Robin E.

says: Customer Service

Thank you for sharing your observations on your grandchildren, Betsy! Yes, each child is so unique and it’s such a blessing to be able to watch them grow and learn.

Bee

says:

This is exactly what I needed to be reminded of today – thank you!

Robin E.

says: Customer Service

You’re so welcome, Bee! I’m very glad this was timely for you.

Sally Javier

says:

Excellent information!

Marilee Cannia

says:

Great advice! Thank you for sharing this – I really helps to be reminded of this. My grandchildren have made amazing progress this year but on a daily basis it’s easy to lose sight. AAR is wonderful reading program!

Christine Danielewicz

says:

Do you think this is why there are so many students in schools who are reading below “grade level”?
The curriculum keeps moving them along regardless of whether or not they have fully grasped the material. Teachers feel pressured to keep going in order to get kids ready for end-of-the-year testing.
As an English language development specialist, I always want to take time during class to thoroughly discuss vocabulary and concepts with my international students so that they really know them. We often cover a fraction of what they have to do for their regular classes. I don’t want to hold them back, but I don’t want them to constantly have to rush through a packet of reading or spelling material or projects for science or social studies without really understanding what they are reading and writing about. Sometimes I feel it’s better to cover less so that we can learn more.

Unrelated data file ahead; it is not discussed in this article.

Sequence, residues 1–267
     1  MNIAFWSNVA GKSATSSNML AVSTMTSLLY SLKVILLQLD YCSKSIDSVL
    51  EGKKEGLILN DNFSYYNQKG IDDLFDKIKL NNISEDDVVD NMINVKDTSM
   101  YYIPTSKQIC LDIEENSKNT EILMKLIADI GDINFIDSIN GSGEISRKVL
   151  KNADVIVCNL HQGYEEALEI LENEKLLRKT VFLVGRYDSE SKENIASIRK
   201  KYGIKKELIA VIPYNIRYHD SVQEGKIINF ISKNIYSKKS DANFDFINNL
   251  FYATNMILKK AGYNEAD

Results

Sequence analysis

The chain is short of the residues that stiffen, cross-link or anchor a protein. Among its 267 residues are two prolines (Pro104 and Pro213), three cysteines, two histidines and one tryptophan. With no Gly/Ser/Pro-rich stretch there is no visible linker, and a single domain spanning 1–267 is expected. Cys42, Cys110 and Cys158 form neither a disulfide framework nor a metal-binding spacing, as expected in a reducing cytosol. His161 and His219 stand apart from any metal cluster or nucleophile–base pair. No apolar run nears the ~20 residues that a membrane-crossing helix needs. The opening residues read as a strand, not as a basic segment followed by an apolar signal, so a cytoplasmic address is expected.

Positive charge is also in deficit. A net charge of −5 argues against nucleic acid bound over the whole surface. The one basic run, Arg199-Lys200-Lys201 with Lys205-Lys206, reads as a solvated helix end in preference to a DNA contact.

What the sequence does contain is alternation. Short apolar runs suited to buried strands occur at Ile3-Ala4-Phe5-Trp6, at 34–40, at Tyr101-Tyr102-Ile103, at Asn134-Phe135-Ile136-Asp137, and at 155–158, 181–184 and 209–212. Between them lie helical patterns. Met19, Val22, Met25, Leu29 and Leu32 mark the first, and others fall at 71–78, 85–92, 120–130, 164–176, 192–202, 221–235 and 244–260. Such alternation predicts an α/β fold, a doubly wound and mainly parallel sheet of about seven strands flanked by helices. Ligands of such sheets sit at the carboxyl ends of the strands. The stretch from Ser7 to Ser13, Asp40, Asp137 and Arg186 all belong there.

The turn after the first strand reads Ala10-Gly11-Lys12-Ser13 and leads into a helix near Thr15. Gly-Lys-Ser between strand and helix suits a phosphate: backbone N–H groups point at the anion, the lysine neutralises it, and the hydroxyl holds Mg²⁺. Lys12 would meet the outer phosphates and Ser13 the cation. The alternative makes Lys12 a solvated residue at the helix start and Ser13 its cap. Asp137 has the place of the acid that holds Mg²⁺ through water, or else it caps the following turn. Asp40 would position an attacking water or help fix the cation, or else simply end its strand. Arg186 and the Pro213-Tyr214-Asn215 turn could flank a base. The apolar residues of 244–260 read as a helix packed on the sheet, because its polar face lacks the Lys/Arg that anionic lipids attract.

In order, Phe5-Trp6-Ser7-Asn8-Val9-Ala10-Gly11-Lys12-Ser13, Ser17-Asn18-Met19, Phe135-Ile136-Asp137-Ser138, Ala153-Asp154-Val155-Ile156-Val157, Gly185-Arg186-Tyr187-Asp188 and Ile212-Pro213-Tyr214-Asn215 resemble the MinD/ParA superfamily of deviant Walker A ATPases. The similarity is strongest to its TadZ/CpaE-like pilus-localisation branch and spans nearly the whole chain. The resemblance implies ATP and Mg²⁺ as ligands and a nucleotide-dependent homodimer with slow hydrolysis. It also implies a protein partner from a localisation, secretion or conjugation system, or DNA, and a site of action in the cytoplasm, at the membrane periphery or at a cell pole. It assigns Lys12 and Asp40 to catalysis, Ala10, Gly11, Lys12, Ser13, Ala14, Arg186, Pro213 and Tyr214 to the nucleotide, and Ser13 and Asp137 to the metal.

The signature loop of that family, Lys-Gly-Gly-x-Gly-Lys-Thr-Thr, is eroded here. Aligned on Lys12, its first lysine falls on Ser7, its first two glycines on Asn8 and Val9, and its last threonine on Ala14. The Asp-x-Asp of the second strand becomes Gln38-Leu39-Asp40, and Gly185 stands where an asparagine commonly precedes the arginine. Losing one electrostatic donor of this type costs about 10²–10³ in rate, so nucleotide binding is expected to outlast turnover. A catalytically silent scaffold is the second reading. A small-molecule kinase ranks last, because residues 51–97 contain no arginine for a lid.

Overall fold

Robin E.

says: Customer Service

Great thoughts, Christine. It is so important to teach children where they are at until they master the material. I do think the curse of knowledge can play a part in students not having success with learning, but I know that the issue is far more complex than that as well.

Kory

says:

Great advice!

Josie Gonzalez

says:

This has been very helpful. I will have to put this in a place where I can see it daily. It is true once you become a good reader, we tend to forget the why. All about reading helps me teach my children the why behind being a good reader. Thank you for this post.

Robin E.

says: Customer Service

You’re welcome, Josie.